On rockets

Russian rockets will remain the only means of delivering astronauts to the International Space Station for the next few years. The United States has no such spacecraft, and so dependence on Russia for extending the work of the ISS, although mutual, is larger for the United States.

 

Russian decision about ‘parrying threats’ not escalating them

We certainly won’t make the bad situation being deliberately created by Washington even worse. This isn’t about responding to military threats in outer space, of course; this is a different matter, for another kind of audience.

Rather, it’s about parrying threats, including prospective ones, related to anti-missile defence and our aerospace defence programmes. Not to mention civilian space exploration. We’re going to act with utmost care. What we’ve just said comes down to bringing about a respectful attitude toward us, our industry, and the interests that define our nation’s high-tech image.

A halt in launches

Comment from Federal Space Agency’s Oleg Ostapenko:

There were some obstacles, because launch licences had not been issued for 2014, 2015 and 2016. As of now, the licences for 2014 have been issued. What is our reasoning? We do have licences for spacecraft launches in 2014. But considering that our partner is not reliable, as Mr Rogozin has said, we are also considering the worst case scenarios.

We will keep working in Russia to resolve this issue, and we will also carry on our cooperation with NASA and the European Space Agency.

From NASA, which hadn’t been informed of the decision, a much more terse statement (in full):

Space cooperation has been a hallmark of US-Russia relations, including during the height of the Cold War, and most notably, in the past 13 consecutive years of continuous human presence on board the International Space Station. Ongoing operations on the ISS continue on a normal basis with a planned return of crew tonight (at 9:58 p.m. EDT) and expected launch of a new crew in the next few weeks. We have not received any official notification from the Government of Russia on any changes in our space cooperation at this point.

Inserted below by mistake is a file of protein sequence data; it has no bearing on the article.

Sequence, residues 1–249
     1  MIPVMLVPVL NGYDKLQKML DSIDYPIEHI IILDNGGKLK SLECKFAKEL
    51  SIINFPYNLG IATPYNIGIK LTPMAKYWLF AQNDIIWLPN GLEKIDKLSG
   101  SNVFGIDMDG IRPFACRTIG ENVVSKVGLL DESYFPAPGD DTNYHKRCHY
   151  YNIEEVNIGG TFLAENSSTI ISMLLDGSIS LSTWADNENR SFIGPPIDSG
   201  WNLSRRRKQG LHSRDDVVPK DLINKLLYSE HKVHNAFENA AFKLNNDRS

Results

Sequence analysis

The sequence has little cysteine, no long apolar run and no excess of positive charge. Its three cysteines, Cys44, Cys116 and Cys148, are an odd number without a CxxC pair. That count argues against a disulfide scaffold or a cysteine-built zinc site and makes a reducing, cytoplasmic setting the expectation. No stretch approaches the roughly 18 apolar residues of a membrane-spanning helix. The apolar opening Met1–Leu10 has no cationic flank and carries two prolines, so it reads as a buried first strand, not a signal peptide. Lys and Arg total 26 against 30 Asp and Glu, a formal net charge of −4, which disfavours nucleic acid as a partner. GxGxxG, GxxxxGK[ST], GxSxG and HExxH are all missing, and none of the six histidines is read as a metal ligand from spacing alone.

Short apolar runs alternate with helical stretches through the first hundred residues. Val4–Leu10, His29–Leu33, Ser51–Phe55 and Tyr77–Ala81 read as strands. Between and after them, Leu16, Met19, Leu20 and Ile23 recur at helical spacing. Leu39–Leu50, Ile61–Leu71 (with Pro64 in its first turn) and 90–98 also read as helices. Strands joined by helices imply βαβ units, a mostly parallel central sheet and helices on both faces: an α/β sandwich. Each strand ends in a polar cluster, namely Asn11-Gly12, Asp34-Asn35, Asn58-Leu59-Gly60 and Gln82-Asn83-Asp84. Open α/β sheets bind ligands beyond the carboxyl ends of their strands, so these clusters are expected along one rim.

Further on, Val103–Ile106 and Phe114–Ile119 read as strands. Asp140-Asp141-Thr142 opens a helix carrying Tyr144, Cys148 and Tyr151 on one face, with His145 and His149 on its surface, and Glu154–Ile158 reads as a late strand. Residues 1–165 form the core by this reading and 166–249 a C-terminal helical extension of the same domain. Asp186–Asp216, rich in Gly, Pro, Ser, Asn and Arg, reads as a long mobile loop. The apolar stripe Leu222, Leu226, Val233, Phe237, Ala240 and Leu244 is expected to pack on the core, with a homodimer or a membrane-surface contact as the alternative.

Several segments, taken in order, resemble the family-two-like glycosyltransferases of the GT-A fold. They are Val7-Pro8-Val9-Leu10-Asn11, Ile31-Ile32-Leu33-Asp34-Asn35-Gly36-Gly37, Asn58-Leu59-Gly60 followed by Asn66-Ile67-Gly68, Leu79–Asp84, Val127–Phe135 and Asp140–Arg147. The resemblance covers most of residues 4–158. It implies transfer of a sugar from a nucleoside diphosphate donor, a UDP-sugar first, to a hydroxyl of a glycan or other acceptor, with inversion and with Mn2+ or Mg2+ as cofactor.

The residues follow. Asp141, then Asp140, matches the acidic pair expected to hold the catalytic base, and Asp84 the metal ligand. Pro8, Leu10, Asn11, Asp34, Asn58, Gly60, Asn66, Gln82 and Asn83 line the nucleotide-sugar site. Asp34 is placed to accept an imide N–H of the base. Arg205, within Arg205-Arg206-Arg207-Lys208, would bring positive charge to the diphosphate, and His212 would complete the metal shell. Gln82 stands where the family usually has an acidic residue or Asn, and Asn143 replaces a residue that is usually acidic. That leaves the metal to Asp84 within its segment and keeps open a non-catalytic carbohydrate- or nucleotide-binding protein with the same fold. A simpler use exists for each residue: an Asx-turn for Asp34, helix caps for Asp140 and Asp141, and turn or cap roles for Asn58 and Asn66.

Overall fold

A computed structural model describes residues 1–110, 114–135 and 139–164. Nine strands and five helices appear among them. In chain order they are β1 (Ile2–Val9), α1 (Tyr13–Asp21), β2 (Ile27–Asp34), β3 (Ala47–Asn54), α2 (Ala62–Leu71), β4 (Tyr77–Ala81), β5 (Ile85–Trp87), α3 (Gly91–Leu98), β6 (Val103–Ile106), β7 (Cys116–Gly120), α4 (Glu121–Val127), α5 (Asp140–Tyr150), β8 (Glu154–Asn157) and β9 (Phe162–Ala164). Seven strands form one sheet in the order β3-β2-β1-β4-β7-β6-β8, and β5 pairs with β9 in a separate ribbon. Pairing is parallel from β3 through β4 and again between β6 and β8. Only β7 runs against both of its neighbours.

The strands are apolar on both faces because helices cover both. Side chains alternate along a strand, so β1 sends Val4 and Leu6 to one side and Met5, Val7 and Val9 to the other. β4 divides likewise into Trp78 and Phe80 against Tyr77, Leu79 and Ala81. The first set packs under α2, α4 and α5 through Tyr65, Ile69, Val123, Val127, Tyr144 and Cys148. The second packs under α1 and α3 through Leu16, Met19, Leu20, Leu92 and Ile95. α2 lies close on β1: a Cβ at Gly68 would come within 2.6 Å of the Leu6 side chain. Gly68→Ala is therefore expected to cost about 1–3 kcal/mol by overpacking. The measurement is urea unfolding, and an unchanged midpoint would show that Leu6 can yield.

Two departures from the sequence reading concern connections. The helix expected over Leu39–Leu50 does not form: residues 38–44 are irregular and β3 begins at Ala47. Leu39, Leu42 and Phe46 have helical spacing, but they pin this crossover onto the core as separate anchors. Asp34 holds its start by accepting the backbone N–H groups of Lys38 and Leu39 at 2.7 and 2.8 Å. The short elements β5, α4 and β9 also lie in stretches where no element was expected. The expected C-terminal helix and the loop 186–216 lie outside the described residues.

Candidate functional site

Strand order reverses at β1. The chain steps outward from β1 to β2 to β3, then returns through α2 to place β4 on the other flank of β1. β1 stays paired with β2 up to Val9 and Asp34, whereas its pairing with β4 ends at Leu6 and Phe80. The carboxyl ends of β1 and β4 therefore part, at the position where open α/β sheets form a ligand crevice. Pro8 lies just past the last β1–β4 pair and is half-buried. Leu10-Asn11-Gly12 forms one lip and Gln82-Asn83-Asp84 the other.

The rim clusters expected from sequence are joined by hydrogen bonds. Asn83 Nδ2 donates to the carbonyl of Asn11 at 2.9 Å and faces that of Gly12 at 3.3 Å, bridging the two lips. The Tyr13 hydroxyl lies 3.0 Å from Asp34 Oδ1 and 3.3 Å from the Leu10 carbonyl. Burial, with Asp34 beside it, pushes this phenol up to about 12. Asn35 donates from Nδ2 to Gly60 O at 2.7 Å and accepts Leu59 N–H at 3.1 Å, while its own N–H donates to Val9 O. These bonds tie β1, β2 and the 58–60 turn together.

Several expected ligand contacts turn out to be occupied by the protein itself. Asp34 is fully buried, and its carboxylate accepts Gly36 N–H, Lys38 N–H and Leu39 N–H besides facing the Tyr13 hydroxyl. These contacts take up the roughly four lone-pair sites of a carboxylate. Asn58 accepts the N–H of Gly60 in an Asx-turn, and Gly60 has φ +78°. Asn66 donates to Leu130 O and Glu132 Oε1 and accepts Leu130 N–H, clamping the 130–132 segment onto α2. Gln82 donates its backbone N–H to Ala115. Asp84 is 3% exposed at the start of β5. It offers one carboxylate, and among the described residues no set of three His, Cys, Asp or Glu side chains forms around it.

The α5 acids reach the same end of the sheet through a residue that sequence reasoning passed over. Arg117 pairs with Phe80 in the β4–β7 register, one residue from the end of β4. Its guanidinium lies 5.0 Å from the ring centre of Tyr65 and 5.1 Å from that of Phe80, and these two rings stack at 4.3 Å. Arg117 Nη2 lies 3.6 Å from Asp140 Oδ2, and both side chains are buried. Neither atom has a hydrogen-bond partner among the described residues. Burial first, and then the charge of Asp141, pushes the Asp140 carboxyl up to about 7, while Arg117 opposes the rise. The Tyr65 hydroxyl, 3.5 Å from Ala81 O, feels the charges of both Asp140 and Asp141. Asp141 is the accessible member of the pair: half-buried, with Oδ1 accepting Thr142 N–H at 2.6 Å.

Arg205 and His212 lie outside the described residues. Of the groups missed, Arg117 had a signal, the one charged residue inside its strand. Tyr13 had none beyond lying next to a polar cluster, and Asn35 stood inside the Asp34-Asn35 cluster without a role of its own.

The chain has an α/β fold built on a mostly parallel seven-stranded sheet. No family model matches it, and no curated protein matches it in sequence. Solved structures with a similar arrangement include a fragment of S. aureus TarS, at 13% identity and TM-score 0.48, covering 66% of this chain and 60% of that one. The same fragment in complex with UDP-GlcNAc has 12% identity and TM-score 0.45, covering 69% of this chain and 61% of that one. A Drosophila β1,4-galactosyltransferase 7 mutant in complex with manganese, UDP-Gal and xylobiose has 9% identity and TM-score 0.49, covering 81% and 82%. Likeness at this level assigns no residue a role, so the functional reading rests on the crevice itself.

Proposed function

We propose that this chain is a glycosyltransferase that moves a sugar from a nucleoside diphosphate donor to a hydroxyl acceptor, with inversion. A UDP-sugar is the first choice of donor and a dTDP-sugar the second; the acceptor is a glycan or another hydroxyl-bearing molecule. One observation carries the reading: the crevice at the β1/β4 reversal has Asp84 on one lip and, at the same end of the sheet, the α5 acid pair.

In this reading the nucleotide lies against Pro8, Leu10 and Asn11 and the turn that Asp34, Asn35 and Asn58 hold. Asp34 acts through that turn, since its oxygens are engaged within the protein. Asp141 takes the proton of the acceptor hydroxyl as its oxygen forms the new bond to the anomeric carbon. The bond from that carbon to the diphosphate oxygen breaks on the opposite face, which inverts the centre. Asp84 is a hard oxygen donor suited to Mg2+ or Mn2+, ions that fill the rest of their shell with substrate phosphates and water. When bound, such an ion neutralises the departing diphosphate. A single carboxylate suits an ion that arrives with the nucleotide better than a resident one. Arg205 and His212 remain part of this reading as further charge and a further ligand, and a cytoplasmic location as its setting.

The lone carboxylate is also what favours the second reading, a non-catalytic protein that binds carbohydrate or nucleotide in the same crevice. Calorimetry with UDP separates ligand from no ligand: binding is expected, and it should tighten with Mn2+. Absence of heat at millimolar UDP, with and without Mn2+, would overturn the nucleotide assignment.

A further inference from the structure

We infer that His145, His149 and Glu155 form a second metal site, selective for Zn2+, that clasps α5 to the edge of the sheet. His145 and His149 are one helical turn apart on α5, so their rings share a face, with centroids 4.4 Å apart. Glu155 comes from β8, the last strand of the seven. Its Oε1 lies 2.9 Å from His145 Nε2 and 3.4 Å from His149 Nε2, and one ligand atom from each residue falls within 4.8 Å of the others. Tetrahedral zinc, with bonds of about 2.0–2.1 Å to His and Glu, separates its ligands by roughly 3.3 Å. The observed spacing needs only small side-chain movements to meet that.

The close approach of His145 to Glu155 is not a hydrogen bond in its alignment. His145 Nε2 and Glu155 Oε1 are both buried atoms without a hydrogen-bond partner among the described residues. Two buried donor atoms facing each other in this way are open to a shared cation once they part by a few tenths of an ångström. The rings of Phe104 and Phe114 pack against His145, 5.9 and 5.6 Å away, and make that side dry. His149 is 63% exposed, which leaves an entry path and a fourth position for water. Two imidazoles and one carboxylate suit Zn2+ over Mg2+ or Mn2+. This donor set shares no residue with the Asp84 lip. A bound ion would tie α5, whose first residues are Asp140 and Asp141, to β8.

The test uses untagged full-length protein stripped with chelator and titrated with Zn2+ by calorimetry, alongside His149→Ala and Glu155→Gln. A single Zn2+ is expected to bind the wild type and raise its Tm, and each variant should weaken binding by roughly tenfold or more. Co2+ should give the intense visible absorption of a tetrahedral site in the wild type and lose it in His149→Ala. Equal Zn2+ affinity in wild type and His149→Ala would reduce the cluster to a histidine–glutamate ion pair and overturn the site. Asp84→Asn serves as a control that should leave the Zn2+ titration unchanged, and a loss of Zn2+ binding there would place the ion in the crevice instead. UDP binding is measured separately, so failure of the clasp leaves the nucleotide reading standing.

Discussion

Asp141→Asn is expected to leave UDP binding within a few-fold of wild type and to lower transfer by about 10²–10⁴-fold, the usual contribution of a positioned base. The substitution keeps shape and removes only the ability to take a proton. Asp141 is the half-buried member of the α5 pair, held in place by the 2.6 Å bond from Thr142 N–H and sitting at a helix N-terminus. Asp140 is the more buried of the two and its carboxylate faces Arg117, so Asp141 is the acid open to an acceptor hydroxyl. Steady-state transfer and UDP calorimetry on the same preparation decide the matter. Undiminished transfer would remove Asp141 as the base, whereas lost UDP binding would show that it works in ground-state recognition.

Possibly one of the most interesting statements is from ULA (comprised of Lockheed Martin and Boeing) regarding the planned export restrictions on Russian rocket engines.

ULA’s statement in full is as follows:

ULA and our NPO Energomash supplier in Russia are not aware of any restrictions. However, if recent news reports are accurate, it affirms that SpaceX’s irresponsible actions have created unnecessary distractions, threatened US military satellite operations, and undermined our future relationship with the International Space Station.

We are hopeful that our two nations will engage in productive conversations over the coming months that will resolve the matter quickly.

ULA and our Department of Defense customers have always prepared contingency plans in the event of a supply disruption.

ULA has two launch vehicles that can support all of customers’ needs. We also maintain a two-year inventory of engines to enable a smooth transition to our other rocket, Delta, which has all US-produced rocket engines.

A final note. I think soon, in the not-too-distant future, the idea that the US would use Russian rockets to launch its military satellites into orbit will seem an oddity – and an extreme one – from a different time. If I had to describe that time, I would call it the era of benign globalization. And that period is passing fast.